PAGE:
The price of taking your child out of school in term-time: a parent's dilemma

What price will you pay for your family holiday?

What price will you pay for your family holiday?

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EALING Times reader Ella Moss offers some thoughts on a dilemma facing some families: do you take your children out of school for a holiday during term time?

The article was first published on www.money.co.uk/article/1010331-are-term-time-holidays-worth-it.htm

Mum of two Ella, from Northfields, writes a popular blog, which is nominated for a national award this year ealingtimes.co.uk/news/localnews/11113037.Northfields_mum_nominated_for_MAD_blog_award/?ref=var_0

TAKING the kids out of school to go on holiday has always been an option, but with tighter regulations and fines for term-time absence you're likely to be wondering whether it's worth the hassle and cost. We investigate.

Like many things in life, the answer is complicated: sometimes it is worth taking the kids on holiday in term time, and sometimes it really isn't.

Changes to school holiday regulations

In the past, head teachers have been able to approve absences of up to 10 days for family holidays, with the wording of "special circumstances" allowing for individual discretion.

However, last September new rules were put in place to restrict these absences to "exceptional circumstances", such as illness in the family, funerals, and so on.

According to the Department for Education, holidays during term-time can have a damaging effect on academic success, which is why the new regulations have been put into place.

For families who decide to go on holiday during term-time anyway, fines of £60 per pupil (which rise to £120 per pupil if not paid during 28 days) are imposed.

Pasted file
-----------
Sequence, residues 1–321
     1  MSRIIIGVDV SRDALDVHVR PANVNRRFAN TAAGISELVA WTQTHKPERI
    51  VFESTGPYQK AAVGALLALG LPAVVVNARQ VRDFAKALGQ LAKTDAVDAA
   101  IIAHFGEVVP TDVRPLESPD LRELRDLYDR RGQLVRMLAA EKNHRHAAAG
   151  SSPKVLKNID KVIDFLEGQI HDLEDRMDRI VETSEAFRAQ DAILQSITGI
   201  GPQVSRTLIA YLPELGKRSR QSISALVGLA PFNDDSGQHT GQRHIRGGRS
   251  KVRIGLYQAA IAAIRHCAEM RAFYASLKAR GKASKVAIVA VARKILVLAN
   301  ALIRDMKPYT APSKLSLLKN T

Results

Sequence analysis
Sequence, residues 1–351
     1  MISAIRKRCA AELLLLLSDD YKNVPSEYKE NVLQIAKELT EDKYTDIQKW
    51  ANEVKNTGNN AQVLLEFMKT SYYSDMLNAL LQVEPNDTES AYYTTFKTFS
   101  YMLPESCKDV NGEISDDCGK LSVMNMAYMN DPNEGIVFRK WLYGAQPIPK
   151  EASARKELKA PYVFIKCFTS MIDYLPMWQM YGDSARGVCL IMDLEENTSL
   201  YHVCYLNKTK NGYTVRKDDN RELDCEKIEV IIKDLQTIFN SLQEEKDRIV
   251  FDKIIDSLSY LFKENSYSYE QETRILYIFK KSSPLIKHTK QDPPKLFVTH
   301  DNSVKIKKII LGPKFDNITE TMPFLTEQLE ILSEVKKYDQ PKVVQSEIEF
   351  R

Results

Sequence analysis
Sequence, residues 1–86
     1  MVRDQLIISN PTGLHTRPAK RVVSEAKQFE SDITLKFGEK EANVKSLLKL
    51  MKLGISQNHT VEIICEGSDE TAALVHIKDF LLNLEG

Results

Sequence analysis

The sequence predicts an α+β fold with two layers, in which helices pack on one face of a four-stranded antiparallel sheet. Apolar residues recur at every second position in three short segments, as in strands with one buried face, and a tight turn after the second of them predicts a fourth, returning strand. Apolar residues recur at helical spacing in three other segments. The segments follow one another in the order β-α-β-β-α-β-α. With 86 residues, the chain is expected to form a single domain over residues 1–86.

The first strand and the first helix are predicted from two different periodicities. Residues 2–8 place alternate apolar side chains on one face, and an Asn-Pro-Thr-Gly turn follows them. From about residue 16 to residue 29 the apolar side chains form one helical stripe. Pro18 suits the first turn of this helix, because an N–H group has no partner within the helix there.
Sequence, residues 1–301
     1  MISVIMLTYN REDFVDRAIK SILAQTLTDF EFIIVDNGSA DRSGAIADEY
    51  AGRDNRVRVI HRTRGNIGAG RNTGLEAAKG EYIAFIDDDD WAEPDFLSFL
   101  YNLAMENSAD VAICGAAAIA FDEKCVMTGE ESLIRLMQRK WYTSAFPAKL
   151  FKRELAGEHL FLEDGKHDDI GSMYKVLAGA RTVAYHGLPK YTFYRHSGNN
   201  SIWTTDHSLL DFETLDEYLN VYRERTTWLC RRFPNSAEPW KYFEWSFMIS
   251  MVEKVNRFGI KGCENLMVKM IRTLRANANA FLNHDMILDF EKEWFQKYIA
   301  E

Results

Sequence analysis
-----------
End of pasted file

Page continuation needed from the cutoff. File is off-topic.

Though these fines can quickly add up (one family in Telford was forced to pay close to £1,000 in fees and court costs), many have decided to accept the fines as part of their holiday costs. In autumn 2013, 5300 penalties were issued.

However, many parents still wonder whether term-time trips are the right answer for their family.

If you decide to go in term time and face the fines, then you must pay up in time or you could face prosecution, a fine of up to £2,500, and a community order or up to three months in jail! You'll also be given a Parenting Order and forced to go to parenting classes.

Weighing the cost of term time holidays

Theoretically, a term-time holiday would be "worth it" if the total cost of the holiday, including fines, was less than it would be to go on holiday during peak season.

However, this doesn't include the educational cost of pulling your child out from school, or non-financial positives of term-time holidays: greater flexibility, smaller crowds, and so on.

For example, if you get the chance to visit family in exotic parts of the world during term-time, you might decide that it's worth the fines in order for your children to see their aunts, uncles and cousins and experience a completely different culture.

Or, if your child is struggling in his/her class, even a difference of hundreds of pounds between term-time and peak season holidays may not be enough to justify the lost days in school.

These are personal issues which are difficult to measure, and you should think about their situation before making a decision on whether term-time holidays are right for your family.